This law is a tool of exploitation in the hands of law enforcing agencies and ‘family members’ of women who are perceived to defy ‘norms’ of society by exercising their legal rights. Most of the FIRs are filed either by the parents because their daughter has married someone of her own choice or by the former husbands on remarriage of their former wives. The COI Report mentions its own review of case law reported in the Pakistan Annual Law Digest of 1995.
Out of the 60 cases looked at by the Commission, 15 pertained to people who had married against the wishes of their families. One woman was accused of Zina even though she possessed and produced records of the Family Court and the High Court to prove that she had been legally divorced before she remarried.
That police officials collude with the families and pursuers of women has been exposed in a number of reported cases, where police officials have held inquiries on allegations of Zina even through intimation by post.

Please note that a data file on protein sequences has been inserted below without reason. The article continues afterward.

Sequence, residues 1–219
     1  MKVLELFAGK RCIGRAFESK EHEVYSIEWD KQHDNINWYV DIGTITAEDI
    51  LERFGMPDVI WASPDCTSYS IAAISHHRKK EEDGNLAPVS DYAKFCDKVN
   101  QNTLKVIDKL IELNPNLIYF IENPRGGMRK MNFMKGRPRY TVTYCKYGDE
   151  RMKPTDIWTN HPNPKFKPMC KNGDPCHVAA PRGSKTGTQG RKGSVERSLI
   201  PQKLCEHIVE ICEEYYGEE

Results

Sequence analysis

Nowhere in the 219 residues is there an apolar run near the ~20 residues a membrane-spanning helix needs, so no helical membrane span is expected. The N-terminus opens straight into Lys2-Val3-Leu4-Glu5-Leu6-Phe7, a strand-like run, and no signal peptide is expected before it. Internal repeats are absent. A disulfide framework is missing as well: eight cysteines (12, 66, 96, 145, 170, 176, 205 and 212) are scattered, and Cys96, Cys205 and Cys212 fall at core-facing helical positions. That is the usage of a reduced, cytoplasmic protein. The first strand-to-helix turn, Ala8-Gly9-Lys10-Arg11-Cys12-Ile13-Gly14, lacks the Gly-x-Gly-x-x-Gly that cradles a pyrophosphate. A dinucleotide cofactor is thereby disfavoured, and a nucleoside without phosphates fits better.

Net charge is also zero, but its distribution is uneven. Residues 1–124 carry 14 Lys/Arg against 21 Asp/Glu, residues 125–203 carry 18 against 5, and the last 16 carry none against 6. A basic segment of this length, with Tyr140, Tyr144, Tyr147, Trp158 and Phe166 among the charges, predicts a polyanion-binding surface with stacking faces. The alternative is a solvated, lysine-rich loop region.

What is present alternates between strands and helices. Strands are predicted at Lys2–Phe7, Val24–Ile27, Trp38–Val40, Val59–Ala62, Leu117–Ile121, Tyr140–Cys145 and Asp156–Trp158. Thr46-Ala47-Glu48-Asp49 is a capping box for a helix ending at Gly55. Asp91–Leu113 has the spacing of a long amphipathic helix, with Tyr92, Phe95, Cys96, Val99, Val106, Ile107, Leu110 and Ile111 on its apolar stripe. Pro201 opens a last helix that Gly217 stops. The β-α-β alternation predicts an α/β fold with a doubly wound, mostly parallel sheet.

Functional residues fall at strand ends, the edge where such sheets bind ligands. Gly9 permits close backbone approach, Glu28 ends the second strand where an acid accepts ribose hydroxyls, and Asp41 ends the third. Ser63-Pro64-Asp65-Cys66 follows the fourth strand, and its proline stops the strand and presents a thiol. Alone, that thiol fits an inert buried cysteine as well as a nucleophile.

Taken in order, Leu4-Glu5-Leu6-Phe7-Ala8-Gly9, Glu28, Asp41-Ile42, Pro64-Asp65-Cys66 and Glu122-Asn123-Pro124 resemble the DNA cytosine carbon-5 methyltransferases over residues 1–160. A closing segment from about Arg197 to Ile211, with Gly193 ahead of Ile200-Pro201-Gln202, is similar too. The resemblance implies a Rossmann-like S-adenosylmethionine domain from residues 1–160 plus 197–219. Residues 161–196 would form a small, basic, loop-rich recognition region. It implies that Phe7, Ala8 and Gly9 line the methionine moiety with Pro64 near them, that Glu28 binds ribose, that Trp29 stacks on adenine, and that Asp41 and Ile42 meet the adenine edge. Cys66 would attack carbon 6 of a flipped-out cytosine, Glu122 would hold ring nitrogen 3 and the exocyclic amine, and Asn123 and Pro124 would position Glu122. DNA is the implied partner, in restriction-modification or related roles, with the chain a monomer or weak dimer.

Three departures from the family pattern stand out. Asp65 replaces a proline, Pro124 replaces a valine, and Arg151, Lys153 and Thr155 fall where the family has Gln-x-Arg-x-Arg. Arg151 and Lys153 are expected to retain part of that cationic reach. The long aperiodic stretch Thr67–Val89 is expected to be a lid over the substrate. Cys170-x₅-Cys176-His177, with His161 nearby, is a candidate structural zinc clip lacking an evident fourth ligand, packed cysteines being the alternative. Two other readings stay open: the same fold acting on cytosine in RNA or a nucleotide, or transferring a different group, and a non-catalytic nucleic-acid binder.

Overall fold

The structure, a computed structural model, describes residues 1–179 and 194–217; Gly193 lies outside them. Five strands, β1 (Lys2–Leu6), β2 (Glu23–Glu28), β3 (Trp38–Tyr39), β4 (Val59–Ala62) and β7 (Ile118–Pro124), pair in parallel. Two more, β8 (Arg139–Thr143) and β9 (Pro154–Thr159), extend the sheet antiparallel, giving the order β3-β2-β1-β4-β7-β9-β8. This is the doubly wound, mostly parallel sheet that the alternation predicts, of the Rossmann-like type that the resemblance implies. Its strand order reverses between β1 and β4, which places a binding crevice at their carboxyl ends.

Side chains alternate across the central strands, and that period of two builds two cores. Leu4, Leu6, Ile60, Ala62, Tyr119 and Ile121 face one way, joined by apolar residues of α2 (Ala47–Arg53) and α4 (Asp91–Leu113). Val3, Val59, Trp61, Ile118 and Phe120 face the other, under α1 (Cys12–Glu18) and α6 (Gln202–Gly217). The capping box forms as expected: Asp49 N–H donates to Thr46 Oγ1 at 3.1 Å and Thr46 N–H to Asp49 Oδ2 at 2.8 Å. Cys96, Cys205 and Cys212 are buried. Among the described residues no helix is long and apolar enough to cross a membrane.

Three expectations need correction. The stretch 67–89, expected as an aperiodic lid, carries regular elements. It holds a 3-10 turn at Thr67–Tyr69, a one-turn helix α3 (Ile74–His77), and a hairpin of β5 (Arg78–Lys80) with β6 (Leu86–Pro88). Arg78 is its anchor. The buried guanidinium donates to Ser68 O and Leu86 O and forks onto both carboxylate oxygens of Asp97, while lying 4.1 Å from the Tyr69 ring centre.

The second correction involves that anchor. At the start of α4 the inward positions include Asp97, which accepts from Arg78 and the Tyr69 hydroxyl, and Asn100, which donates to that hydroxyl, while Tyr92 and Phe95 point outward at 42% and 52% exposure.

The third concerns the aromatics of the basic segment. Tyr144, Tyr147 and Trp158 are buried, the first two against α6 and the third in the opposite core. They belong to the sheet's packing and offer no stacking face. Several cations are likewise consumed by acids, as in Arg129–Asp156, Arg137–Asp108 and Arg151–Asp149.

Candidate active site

8. In rape cases the victim is often in an impossible situation: if she reports rape, she runs the risk of being accused of Zina, if she does not, her possible pregnancy may result in her being charged of zina anyway.
9. “The argument that every law can be misused may be correct to some extent. But, thus stated, it addresses the wrong question. The relevant test is not whether a piece of legislation can ever be misused but rather whether it is worth enacting at all given the potential for its abuse and the results which its enforcement would produce. This Commission is strongly of the opinion that the zina Ordinance fails this test. Abundant data testifies that the result of this law has been the victimisation rather than the protection of people, and that the law has had a particularly adverse effect on the least privileged members of society.” (COI Report 1997 page 70)